previous next
[8] but the man who had wickedly brought me to that pass I accounted an enemy with whom I could make no terms. When I discovered that he had defrauded the whole commonwealth in the collection of the property-tax and in the manufacture of processional utensils, and that he held and refused to restore a great deal of money belonging to the Goddess, the Heroes, and the State, I proceeded against him with the aid of Euctemon, thinking it a favorable opportunity for doing the State a service, and at the same time getting satisfaction for the wrongs I had suffered. My purpose would naturally be that I should accomplish my desire, and that he should get his deserts.

Creative Commons License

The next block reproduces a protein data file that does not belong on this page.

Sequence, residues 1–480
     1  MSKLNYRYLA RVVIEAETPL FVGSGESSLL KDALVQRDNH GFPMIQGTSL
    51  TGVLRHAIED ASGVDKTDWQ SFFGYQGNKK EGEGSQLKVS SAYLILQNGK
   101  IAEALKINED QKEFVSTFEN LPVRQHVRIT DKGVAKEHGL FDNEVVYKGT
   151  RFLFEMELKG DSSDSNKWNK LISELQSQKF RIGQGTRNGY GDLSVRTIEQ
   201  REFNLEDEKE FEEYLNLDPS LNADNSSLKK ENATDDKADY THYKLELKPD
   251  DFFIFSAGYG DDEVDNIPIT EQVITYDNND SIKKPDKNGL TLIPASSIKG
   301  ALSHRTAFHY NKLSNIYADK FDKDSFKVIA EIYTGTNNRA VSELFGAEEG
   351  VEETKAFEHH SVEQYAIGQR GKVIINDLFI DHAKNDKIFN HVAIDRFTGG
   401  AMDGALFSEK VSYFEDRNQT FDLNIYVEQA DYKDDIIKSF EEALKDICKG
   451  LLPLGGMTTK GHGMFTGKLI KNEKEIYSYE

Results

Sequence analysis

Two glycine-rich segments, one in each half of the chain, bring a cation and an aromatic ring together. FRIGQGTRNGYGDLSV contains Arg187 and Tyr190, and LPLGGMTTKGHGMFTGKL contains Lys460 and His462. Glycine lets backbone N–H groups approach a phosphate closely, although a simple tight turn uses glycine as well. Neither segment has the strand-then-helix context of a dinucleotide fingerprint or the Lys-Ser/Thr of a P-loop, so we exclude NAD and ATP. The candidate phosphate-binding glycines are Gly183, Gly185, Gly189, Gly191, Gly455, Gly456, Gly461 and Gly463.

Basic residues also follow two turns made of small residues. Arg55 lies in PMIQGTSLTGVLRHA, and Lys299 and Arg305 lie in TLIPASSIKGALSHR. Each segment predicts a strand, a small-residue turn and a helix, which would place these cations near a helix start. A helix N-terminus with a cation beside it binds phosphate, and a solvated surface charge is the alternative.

This work is licensed under a Creative Commons Attribution-ShareAlike 3.0 United States License.

An XML version of this text is available for download, with the additional restriction that you offer Perseus any modifications you make. Perseus provides credit for all accepted changes, storing new additions in a versioning system.

load focus Greek (1907)
hide Places (automatically extracted)

View a map of the most frequently mentioned places in this document.

Download Pleiades ancient places geospacial dataset for this text.

hide References (4 total)
  • Cross-references to this page (2):
    • Raphael Kühner, Bernhard Gerth, Ausführliche Grammatik der griechischen Sprache, KG 3.5.2
    • Basil L. Gildersleeve, Syntax of Classical Greek, Moods
  • Cross-references in general dictionaries to this page (2):
hide Display Preferences
Greek Display:
Arabic Display:
View by Default:
Browse Bar: